No

The Court ruled in Bethel v Fraser (an earlier case regarding student speech) that the rights to freedom of expression of students are not "automatically coextensive" with the rights of adults, because the right to freedom of expression in a school setting must be balanced with the need for a school to maintain itself as a moral and ethical example to students.

In the landmark Brandenburg v Ohio case, the Supreme Court ruled that the Ku Klux Klan could advocate violence against the government as a form of free speech as long as it did not explicitly instruct its members to do so, thus creating a standard that any individual or institution in the public forum can say pretty much anything as long as it does not incite or probably incite imminent violence of harm.

The same standard cannot be used in a school. It would not be appropriate, for example, for a group of students to stand outside the principal's office while screaming that the principal deserves to die for giving bad grades.

For the same reason, since it is in the school and the students' interest that the school maintain a drug-free atmosphere, it is perfectly reasonable that the principal, who was protected by qualified immunity, took down the poster fearing that the student's message would soil the school's image as a drug-free place.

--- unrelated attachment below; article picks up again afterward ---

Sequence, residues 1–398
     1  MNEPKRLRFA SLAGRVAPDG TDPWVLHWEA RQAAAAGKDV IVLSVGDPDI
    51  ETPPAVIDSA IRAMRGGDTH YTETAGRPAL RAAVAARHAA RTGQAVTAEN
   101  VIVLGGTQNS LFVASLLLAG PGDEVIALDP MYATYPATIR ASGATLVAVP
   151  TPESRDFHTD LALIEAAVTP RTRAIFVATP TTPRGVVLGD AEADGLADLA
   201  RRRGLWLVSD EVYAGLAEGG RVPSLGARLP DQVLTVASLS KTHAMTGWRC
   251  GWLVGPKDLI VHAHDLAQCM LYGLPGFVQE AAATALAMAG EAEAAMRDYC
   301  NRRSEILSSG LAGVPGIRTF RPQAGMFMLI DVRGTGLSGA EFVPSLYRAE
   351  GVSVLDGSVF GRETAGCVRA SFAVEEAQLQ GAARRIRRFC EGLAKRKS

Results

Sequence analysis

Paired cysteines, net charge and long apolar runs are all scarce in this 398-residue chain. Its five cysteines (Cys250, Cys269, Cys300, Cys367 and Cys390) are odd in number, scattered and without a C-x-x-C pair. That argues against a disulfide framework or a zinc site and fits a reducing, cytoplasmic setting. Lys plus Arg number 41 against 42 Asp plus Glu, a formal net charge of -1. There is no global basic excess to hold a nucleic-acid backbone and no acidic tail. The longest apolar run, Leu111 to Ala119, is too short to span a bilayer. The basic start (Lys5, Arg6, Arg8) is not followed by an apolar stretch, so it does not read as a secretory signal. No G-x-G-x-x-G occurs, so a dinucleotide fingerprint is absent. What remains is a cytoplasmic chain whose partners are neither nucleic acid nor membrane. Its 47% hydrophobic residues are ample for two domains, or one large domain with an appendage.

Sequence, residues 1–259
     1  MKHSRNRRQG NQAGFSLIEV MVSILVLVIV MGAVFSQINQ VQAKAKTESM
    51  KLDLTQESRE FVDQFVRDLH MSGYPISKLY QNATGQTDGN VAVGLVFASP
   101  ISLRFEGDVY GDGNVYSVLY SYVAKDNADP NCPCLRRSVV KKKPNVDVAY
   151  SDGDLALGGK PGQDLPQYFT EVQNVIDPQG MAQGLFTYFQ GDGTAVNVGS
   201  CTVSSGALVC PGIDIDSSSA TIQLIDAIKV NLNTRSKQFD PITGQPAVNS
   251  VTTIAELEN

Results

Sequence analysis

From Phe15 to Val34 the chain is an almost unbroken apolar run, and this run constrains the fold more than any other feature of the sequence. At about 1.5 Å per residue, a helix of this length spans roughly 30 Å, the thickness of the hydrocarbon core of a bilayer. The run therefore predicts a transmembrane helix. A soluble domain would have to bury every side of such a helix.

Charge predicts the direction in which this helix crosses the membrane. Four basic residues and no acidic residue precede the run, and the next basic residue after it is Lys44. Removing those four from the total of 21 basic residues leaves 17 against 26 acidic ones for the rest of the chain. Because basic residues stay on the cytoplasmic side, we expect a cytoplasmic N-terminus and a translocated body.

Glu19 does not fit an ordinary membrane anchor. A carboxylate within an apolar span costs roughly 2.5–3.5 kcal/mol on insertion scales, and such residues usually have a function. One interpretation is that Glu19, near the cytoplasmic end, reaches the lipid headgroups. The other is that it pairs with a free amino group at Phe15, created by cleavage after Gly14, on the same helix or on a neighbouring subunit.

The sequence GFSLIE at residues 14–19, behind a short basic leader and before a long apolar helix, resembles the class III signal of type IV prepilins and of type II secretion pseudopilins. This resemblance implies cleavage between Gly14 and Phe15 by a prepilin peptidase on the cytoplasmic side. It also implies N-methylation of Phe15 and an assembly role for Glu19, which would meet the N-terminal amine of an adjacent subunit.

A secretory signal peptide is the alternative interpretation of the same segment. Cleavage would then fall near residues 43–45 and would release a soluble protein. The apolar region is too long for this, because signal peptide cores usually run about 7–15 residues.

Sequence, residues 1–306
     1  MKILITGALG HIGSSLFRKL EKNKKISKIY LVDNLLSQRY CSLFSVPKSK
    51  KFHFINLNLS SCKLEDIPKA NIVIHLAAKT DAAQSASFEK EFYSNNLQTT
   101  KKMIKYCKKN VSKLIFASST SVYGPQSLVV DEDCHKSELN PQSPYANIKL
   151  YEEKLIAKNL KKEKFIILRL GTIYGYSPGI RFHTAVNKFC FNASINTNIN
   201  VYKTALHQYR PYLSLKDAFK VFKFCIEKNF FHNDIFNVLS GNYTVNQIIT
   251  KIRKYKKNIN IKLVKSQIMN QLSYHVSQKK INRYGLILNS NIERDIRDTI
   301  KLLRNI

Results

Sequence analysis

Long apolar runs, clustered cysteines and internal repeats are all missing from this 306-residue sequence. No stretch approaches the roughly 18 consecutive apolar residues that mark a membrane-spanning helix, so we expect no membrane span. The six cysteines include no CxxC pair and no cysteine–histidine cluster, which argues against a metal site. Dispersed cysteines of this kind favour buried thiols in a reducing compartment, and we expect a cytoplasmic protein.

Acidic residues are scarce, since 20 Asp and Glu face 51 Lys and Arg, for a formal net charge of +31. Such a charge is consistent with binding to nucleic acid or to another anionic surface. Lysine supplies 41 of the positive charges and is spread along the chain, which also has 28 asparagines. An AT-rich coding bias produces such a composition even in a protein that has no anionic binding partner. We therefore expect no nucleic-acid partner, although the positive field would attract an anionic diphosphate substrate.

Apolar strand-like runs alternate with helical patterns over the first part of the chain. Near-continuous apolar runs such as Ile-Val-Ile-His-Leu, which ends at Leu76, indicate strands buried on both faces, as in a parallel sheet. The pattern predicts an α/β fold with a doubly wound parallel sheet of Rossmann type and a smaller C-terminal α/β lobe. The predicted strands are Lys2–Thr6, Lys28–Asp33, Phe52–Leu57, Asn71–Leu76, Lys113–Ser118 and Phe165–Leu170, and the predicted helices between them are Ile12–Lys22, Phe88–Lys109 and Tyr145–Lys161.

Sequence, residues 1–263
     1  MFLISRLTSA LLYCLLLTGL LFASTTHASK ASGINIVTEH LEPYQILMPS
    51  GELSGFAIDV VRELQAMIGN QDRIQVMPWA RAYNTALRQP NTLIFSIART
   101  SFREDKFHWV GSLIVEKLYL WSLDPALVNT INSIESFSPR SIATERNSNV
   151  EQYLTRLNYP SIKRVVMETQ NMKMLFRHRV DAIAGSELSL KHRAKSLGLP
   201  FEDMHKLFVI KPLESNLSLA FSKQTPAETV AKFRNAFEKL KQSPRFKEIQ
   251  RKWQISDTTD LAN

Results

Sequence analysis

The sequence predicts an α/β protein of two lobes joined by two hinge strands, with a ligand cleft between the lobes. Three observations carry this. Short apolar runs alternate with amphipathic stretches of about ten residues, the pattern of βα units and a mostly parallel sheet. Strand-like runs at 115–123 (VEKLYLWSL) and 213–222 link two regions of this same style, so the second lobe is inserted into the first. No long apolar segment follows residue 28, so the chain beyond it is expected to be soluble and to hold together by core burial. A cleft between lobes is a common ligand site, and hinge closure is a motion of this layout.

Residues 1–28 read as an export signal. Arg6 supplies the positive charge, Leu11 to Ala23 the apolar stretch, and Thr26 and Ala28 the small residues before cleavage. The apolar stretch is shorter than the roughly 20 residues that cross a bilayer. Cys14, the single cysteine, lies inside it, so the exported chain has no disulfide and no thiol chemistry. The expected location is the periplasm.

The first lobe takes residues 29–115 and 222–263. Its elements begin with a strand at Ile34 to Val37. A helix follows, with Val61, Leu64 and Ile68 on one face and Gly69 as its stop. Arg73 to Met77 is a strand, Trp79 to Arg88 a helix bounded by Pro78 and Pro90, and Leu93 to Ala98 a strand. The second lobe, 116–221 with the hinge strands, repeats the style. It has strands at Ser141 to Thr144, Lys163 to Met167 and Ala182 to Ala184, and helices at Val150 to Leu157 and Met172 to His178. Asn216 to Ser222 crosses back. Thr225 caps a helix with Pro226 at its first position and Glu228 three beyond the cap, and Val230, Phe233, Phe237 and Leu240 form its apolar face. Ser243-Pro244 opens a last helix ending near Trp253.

Supreme Jesters Side with the Supremely Ignorant... Surprise!

I'm confused... when high schoolers understand the constitution better then the majority of the highest court in the land... is that a good or bad thing?

Me, I just added those 5 Jesters to my mile long mental list of Constitutional Criminals that belong in prison... certainly not positions of judicial eminence!

The Constitution is not just a good idea.... IT IS THE LAW!
And 5 out of 9 Jesters blatantly broke that law & that will never be forgotten... thanks to history!

As long as rational people continue to tolerate the irrational beliefs & failed theories the Ridiculous Religious Right & Lunatic Sociaist Left keep regurgitating we will continue to lose ground to these jackass criminal jokers.

As long as irrational people continue there love affair & addiction to the 2 most dangerous man made social narcotics known to man... Government & Religion... we will continue to suffer under insidious & unlawful dictates!

Shit, whats a poor rational secular boy with ample common sense to do when surrounded by such long lived ignorance & irrationality?

Smoking On It,
Billy B. Blunt

Bongs for Cigs, Beer and Whiskey. Yea Jesus, the blood of wine.

Can’t promote “illegal drug” use? Then its time to unfurl banners that mock the principal and the ruling: Bongs for Tobacco Filters, Bongs for Truth, Bongs for Principals, Bong the Principal Supporters of the Drug War. Beer for Jesus! Three martinis for Jesus! Whiskey and Robes = Black Velvet Ruling for legal drug use.
Bongs for Jesus should become a national rally cry for hempsters and anti -drugwar warriors; a Cindy Sheehan movement against the Drug War. Bongs not Bombs! Bong the Iraqis! Bong Iran! Bong Bush the AntiChrist! Bong, Bong and Bong Bong.
Now, A Bong for Me!
Up in Smoke
IM
Belteshazzar